As Dr. Boord describes, “We just try to provide good sound clinical patient care”, so how is this an example of entrepreneurial leadership? This profile may best be described as an example of Corporate Entrepreneurial Leadership. At Iowa Lutheran, an opportunity to advance patient care was identified. In this case it was identified by problem analysis resulting from the DIA review. The management team developed the concept to include a new service to be delivered by dedicated pharmacy staff. The service would include review of TCU patient medication profiles. To accomplish this, the management team had to acquire the necessary resources to develop the pharmacy team and put the pharmacy services into action. Obviously this was done. It is likely that they also had limited resources to accomplish this and had to make disciplined decisions about evaluating and moving forward in this area. From this point, the new service was implemented and managed. Over the course of the 4 years since implementation, Dr. Boord describes the increase in therapeutic interventions, the acceptance of the pharmacy team’s recommendations, and the development of new forms and protocols, all of which illustrate a perseverance to implement the change. Most likely, challenges presented themselves along the way, most notably the communication and acceptance by the physician teams that had to be overcome.
In this case, how was the venture “harvested?”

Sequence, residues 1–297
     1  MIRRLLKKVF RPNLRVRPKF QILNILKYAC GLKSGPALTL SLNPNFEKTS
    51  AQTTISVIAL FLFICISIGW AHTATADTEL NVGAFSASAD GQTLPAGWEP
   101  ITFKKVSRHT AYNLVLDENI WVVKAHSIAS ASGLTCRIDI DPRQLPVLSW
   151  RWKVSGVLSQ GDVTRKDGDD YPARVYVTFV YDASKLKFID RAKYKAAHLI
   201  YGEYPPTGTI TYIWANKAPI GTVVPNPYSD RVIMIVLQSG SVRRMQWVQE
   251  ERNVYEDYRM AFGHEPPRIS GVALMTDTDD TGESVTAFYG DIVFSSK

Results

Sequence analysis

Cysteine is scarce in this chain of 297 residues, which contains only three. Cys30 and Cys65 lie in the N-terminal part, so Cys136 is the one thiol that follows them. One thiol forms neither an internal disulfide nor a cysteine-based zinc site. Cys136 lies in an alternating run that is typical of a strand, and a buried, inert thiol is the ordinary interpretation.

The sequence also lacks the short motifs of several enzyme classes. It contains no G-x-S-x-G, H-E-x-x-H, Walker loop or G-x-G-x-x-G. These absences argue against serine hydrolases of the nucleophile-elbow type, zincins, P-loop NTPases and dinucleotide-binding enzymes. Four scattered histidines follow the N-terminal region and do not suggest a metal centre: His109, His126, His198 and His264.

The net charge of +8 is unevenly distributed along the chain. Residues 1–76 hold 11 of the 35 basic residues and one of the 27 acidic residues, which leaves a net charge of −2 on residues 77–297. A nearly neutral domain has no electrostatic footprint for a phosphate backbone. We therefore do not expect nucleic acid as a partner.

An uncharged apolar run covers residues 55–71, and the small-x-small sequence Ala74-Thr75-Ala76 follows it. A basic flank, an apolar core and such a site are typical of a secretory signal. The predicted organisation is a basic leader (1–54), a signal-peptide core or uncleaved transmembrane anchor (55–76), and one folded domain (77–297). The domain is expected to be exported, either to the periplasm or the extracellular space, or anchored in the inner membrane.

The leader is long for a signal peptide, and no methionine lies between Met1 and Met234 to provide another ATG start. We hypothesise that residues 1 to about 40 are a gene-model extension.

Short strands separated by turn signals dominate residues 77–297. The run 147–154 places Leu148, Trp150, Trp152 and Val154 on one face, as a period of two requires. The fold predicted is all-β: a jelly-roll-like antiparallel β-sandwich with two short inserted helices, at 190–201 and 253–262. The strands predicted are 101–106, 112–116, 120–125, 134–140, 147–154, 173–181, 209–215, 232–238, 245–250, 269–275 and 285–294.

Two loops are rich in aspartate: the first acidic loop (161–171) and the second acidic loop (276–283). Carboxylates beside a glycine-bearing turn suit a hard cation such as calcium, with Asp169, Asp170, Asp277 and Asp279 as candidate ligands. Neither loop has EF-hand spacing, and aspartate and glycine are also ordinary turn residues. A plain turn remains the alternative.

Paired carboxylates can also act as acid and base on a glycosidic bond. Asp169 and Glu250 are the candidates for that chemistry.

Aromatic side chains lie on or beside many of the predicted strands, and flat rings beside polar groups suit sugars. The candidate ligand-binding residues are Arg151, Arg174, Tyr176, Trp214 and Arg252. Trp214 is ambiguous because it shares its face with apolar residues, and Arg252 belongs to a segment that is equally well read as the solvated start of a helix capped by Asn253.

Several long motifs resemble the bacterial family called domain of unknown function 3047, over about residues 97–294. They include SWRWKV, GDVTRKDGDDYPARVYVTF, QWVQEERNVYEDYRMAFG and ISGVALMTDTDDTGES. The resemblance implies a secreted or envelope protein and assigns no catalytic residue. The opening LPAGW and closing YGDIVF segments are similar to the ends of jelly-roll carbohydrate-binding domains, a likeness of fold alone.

The “Harvesting of the Venture” in this case can be seen through the quality improvements in patient care. Before the new service was started only 26% of patients received a review by pharmacists, now that is 98%. The acceptance rate of the pharmacists’ recommendations has increased to 88%, and the number of interventions have increased from 9 to 383, indicating that drug therapy problems are now being identified that were previously going unnoticed. Less objectively, it is obvious that patients and the other health care providers involved see pharmacists in a much different role than before. Prior to the initiation of the service, the pharmacist was not even seen by patients and was rarely seen by the physician teams. Now, the pharmacists round with the physicians and are even at the level of being the primary healthcare provider to patients in the unit. The value provided by pharmacists and seen by patients and other healthcare providers has increased tremendously through the implementation of these services.